Shatter Your Tv [Worldview]: Grab A Newspaper

What’s going on in the world?

It may seem hard to keep up with today’s saturated media landscape, yet that’s precisely why we need more intelligent, informed individuals.

News consumers have more responsibility than ever before.

The Elements of Journalism by Bill Kovach and Tom Rosenstiel outlines ten elements needed to produce a given piece of journalism. The last element states, “Citizens, too, have rights and responsibilities when it comes to news.”

Never once have I heard that obligation prior to pursuing higher education. Reflecting on that fact, I couldn’t feel stronger about the need for newspapers to be incorporated in the education process.

It was Aristotle who once said, “We are what we repeatedly do. Excellence, then, is not an act, but a habit.” There’s definite merit here, which requires us to reexamine the habits of our society.

Clay Shirky, an academic studying the effects of the internet on society, analyzed societal habits noting Americans watch roughly two hundred billion hours of TV each year.

“Underinvesting in relational activities means spending less time with friends and family, precisely because watching a lot of TV leads us to shift more energy to material satisfaction and less to social satisfaction,” Shirky wrote in his book Cognitive Surplus.

TV offers a one-way medium of communication, which requires minimal effort. The low threshold of involvement is part of the appeal. Shirky points out that the three most common activities in the developed world are work, sleep and watching TV.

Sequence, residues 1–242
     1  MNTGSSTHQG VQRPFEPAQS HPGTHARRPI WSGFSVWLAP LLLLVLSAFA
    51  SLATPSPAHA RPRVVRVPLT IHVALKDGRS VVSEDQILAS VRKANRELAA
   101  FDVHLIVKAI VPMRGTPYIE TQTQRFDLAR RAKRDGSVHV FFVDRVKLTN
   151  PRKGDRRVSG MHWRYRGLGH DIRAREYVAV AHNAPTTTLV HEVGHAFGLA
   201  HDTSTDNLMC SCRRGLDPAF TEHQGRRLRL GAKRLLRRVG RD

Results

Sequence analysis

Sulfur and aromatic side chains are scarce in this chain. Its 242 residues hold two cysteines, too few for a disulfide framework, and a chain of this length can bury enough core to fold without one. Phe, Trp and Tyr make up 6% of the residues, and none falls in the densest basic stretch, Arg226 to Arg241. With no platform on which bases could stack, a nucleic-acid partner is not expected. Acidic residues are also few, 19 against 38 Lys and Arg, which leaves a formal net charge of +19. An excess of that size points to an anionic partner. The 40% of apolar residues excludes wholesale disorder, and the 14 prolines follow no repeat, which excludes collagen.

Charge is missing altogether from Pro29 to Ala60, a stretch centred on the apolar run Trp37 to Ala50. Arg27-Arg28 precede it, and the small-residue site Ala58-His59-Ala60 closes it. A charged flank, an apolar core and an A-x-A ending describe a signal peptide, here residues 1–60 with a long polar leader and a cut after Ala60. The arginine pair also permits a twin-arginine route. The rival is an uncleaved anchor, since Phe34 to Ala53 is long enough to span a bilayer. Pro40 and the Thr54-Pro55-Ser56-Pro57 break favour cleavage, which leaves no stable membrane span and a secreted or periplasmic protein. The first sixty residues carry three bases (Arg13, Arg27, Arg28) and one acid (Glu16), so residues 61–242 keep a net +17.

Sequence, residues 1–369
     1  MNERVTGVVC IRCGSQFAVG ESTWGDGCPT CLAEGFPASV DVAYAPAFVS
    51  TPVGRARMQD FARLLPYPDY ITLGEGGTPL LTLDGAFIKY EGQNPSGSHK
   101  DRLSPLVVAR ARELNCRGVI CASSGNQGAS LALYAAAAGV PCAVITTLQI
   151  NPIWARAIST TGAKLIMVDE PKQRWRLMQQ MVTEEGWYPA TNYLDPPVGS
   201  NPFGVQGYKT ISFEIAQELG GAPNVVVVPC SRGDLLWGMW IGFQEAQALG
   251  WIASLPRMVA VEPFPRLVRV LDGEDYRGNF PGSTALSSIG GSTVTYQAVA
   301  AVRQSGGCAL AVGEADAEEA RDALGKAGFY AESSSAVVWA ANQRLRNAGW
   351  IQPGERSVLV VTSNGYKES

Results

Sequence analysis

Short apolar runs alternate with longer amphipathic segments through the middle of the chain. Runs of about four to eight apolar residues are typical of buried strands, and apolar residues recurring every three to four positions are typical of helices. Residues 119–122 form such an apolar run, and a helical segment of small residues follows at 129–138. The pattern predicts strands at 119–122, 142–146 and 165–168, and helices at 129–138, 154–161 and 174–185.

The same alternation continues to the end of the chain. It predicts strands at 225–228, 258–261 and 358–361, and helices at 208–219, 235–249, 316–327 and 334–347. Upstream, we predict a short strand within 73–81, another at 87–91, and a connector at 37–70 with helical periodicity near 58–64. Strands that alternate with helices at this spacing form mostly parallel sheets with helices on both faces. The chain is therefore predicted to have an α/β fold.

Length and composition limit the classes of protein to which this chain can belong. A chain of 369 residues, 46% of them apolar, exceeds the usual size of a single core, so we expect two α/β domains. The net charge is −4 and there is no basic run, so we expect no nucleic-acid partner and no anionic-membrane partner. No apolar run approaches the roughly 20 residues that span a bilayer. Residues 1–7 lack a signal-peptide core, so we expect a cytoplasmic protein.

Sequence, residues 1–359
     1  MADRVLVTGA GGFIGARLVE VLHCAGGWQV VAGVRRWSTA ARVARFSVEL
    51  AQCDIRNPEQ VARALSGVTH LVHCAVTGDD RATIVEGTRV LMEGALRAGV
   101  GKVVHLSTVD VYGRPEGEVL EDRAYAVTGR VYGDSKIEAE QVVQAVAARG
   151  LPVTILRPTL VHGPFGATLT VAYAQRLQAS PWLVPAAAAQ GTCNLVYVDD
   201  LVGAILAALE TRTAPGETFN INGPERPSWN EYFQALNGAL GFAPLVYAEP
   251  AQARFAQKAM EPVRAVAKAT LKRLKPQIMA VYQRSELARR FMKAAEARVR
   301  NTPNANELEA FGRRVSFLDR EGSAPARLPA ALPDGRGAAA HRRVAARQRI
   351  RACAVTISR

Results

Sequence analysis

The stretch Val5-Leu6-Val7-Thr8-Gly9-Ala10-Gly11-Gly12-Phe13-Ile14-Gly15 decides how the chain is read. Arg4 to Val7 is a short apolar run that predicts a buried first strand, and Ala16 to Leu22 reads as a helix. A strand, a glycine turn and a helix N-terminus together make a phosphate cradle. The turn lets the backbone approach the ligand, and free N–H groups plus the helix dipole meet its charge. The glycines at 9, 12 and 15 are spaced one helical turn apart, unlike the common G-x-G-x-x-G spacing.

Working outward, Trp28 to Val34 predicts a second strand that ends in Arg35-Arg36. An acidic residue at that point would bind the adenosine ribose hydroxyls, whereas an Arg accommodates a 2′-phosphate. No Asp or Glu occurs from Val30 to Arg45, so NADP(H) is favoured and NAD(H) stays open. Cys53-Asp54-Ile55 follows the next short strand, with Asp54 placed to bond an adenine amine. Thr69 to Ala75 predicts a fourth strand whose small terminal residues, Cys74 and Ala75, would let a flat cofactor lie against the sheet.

A central question in Shirky’s book: How could society be different if we applied our cognitive surplus to more participatory, relational efforts as opposed to an isolated activity such as watching TV?

Imagine the possibilities.

Digital technology has brought us back to a participatory culture, and newspapers have been adapting to engage with audiences more than ever. News is transitioning from a lecture to a conversation, and it’s essential for youth and teens to take part.

“To participate is to act as if your presence matters, as if, when you see something or hear something, your response is part of the event,” Shirky wrote.

Dan Gillmor, professor at Arizona State University’s Walter Cronkite School of Journalism and Mass Communication, outlines the modern principles of media consumption in his book Mediactive. The five principles are as follows: be skeptical, exercise judgement, open your mind, keep asking questions and learn media techniques.

Adopting these five principles at a young age will help empower individuals, which will ultimately improve society in the long-run. This type of critical thinking, independent of corporate and institutional influence, is needed now more than ever.

I often contemplate how sound our foundation of knowledge truly is even. Just this past December Randy Schekman, a Nobel prize winning scientist, declared he would boycott the biggest-name scientific journals including Science, Nature and Cell on the grounds that they distort scientific evidence. Students should be aware of these sort of things.

How about history, what perspective are we teaching our children? Howard Zinn’s A People’s History of the United States offers an alternative account of history. And if there are skeptics of Zinn’s work, one can read Voices of a People’s History of the United States, a book containing primary sources of the former.

The first element of journalism states, “Journalism’s first obligation is to the truth.” No other form of communication is bound by truth. Advertisers, content marketers, filmmakers and even our school systems play a role in distorting the truth.

It’s our responsibility to help students understand the complex nature of information flow, and newspapers offer a great starting point.

Photo Credit: Flickr/velkr0



The Elements of Journalism
Cognitive Surplus
The Guardian: Nobel winner declares boycott of top science journals


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